The Home Secretary has come under pressure to investigate the behaviour of West Midlands Police, after the force issued a grovelling apology to documentary-makers who exposed extremism in Birmingham mosques.
MP Roger Godsiff (Lab Sparkbrook and Small Heath) called for an inquiry to discover why police had targeted Channel 4, broadcaster of the Dispatches documentary, instead of prosecuting the “religious and racial hatred” uncovered by the programme.
He sponsored a House of Commons motion urging Redditch MP Jacqui Smith, the Home Secretary, to launch an immediate investigation.
The documentary Dispatches: Undercover Mosque, broadcast in January 2007, showed preachers and teachers stating “Allah created the woman deficient” and “by the age of 10, it becomes an obligation on us to force her (young girls) to wear hijab and if she doesn’t wear hijab, we hit her”.
Other statements included “take that homosexual and throw him off the mountain” and “whoever changes his religion from Al Islam to anything else—kill him in the Islamic state”.
One speaker in the programme was shown glorying in the Taliban’s murder of a British Muslim soldier in Afghanistan, saying the real hero was “one who separated his head from his shoulders”.
West Midlands Police and the Crown Prosecution Service responded by issuing a press release claiming that the Dispatches programme misrepresented the views of Muslim preachers and clerics with misleading editing.
Police reported Channel 4 to TV watchdog Ofcom for “heavily editing” the words of Islamic imams to give them more sinister meaning.
But Ofcom dismissed the complaint—and Channel 4 sued the police for libel.
West Midlands Police and the Crown Prosecution Service issued a public apology after admitting they got it wrong.
Mr Godsiff said he welcomed the apology, but a Home Office inquiry was needed. He said: “The individuals shown in the programme broadcast were using highly derogatory and racist language against a variety of non-Muslim groups which included Christians, Jews, homosexuals, lesbians and women; and were in clear in breach of existing legislation in respect of incitement to religious and racial hatred.”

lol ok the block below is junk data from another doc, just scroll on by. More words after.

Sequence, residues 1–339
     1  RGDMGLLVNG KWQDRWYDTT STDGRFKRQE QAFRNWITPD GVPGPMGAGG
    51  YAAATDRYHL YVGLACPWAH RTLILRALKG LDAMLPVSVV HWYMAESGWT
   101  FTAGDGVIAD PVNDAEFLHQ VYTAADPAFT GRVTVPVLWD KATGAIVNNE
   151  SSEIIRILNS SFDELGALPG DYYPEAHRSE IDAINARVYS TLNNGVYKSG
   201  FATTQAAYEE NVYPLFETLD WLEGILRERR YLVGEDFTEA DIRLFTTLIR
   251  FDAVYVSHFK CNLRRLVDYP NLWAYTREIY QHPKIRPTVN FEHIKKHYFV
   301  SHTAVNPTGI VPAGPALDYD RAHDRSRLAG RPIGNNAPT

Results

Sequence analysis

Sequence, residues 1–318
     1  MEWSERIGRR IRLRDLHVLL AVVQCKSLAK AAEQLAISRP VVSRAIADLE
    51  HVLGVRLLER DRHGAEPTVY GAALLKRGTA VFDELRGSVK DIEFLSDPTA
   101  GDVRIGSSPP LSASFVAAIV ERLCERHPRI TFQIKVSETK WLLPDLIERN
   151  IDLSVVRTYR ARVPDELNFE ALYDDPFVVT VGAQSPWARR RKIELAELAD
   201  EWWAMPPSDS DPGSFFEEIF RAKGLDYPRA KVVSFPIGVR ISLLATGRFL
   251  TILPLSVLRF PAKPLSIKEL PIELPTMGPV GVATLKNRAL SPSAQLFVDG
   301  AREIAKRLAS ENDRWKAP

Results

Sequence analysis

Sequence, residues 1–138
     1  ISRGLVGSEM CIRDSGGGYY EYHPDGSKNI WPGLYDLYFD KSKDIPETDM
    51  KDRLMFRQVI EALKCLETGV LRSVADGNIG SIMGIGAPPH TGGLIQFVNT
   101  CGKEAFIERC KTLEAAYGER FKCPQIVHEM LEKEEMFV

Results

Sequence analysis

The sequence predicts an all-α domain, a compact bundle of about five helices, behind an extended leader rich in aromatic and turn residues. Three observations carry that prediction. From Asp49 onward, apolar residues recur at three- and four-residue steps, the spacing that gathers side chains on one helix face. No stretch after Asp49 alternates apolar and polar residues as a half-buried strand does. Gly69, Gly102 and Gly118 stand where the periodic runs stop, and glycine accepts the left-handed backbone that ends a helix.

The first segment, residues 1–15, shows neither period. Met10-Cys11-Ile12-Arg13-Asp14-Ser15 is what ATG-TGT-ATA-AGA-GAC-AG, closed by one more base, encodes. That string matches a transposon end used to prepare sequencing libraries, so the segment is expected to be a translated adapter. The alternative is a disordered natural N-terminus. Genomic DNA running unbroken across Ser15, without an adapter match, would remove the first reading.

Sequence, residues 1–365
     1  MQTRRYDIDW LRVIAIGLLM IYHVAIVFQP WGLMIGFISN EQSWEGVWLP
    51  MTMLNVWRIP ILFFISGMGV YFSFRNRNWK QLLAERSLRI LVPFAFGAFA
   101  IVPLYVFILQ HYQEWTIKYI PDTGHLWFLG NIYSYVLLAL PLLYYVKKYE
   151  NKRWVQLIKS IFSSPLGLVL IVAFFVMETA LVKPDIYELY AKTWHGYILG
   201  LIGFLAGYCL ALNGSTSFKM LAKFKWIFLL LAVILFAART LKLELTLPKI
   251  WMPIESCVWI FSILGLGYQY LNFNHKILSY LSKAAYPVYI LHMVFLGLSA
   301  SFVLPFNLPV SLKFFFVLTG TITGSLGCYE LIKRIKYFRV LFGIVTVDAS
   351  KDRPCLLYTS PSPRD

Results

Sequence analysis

The MP’s motion states that the House of Commons “calls on the Home Secretary to launch an immediate investigation into why the West Midlands Police and the Crown Prosecution Service chose to attack the programme makers at Channel 4 rather than investigating and prosecuting the individuals who were shown in the programme; and asserts that incitement to religious and racial hatred has no place in British society.”
Mr Godsiff has consistently challenged West Midlands Police to justify their behaviour over the programme.
Lawyers acting for West Midlands Police and the Crown Prosecution Service issued the apology in a statement in the High Court in London. They said: “Both defendants now accept that the allegations of distortion that were made in the press release were incorrect.
“They are here by their counsel today publicly to withdraw these allegations and to apologise for the fact that they were made.”
“Both defendants accept, without reservation, the conclusions of Ofcom and accept that the programme accurately represented the material that had been gathered from the undercover filming.
“As an indication of the sincerity of this apology and as recognition of the seriousness of allegations of fakery for professional journalists and broadcasters, both defendants have agreed to pay substantial damages to the claimants and to pay their legal costs.”
In a statement issued on its website, West Midlands Police said: “Following an independent investigation by the broadcasting regulator Ofcom, we now accept that we were wrong to make these allegations.”
Channel 4 is to receive damages of £50,000, to be donated to the Rory Peck Trust for freelance news gatherers and their families in times of need, as well as £50,000 in costs.
Kevin Sutcliffe, deputy head of current affairs at Channel 4, said of today’s [THURS] announcement: “This is a total vindication of the programme team in exposing extreme views being preached in mainstream British mosques.”
Police spent around £14,000 on investigating the Dispatches programme, which initially focused on whether the people portrayed in the documentary had broken any laws.
However, police then shifted their focus onto the documentary-makers, and considered whether they should be prosecuted for stirring up racial hatred. Eventually, officers settled for making a complaint to Ofcom instead.